June 16, 2008
Regarding ‘G8 energy chiefs worried by oil prices, eye nuclear’:
You say that the International Energy Agency (IEA) is calling for a major boost in clean technologies to address the world’s soaring demand for energy (“‘Nuclear, along with carbon capture and storage (CCS), renewable energies and energy efficiency, all must play a much more important role,’ the IEA said in a 6 June press statement”).
But who can believe that such energies will be able, when global annual fossil fuel extraction (oil, gas and coal all together) will have peaked and then begun to decline, to satisfy an ever-increasing energy demand?
Fast growth feeds itself from energy produced at low cost, so that a substantial part of the energy return (EROEI) can be used to increase the annual energy production feeding economic growth. And most of today’s energy is still produced at low cost. But why, then, do we have to pay so much when we buy it?
Answer: Simply because we have recently passed the threshold beyond which energy production (still growing) can no longer satisfy demand (growing faster).
In this new conjuncture, a substantial proportion of the profits gathered from high selling prices supports the numerical growth of the populations living in the producing countries and the ones they provide assistance to, allowing those populations to buy consumer goods and in doing so, sustain world economic growth.
Another proportion allows the wealthy elites ruling those countries – and also many speculators – to acquire profitable capital, part of it concerning the development of alternative energies (nuclear, renewables) needed to sustain economic growth.
But it is now becoming ever clearer that the average energy production cost will substantially increase in the course of the decades ahead. Therefore, the energy investment returns needed to feed energy-production growth will slow to such an extent that finally global annual energy production will come to a standstill and reverse into decline.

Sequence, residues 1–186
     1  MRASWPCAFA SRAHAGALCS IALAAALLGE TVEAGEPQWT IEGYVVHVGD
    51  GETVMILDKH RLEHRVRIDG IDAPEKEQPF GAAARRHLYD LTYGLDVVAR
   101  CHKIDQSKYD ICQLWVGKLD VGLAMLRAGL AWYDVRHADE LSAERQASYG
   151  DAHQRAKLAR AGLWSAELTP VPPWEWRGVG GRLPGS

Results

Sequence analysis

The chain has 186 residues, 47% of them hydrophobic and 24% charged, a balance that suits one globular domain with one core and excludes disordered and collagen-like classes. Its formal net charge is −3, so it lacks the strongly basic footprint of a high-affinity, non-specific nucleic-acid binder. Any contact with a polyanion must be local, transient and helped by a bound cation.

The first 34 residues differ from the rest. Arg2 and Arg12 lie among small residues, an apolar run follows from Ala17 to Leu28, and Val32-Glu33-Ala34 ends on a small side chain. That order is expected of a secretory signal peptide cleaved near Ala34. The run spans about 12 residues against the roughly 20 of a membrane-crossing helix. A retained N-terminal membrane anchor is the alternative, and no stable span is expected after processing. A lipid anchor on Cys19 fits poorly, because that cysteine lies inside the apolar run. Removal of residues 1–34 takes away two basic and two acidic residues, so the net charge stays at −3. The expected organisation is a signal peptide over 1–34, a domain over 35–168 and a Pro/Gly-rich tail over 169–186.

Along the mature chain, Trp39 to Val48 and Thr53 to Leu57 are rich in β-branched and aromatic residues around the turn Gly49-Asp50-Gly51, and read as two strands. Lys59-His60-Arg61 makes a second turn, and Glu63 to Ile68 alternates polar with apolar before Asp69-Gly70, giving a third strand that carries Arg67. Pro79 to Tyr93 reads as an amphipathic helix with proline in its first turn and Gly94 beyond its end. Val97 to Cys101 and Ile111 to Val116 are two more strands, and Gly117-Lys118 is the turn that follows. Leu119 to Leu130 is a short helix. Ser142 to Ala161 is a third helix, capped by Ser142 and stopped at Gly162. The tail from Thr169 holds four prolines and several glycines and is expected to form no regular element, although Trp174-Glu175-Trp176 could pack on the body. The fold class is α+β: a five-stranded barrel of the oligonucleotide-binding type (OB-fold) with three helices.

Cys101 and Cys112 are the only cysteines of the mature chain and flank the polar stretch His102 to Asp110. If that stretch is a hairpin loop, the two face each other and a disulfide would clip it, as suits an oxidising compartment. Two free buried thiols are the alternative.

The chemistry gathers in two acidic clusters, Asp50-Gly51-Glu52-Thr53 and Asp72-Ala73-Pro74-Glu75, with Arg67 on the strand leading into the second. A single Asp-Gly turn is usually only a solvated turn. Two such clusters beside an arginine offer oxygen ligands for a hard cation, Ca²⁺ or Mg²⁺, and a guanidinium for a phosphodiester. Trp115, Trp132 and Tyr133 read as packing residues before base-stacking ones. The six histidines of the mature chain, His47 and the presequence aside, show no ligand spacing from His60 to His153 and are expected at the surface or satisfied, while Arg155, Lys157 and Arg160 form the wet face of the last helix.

Improving energy efficiency may provide some delay but its limits will soon be revealed. At some point (within the next decades) the ultimate limits to growth will be reached and expansion will then reverse into contraction. Many of us expect that such an event will bring about economic collapse, as the exchange mechanisms between our world economic system’s components rest on the existence of a financial bubble kept under pressure as long as markets in expansion allow investors to make profits re-injected into the bubble.
But even though they know, most people remain primarily concerned with everyday life and do not want to hear or talk about that. Only crazy people (like me), dubbed ‘doommongers’, dare…but hush! Let’s talk about something else…doommongering is insane.
FranceAuthor : sylvane_casademont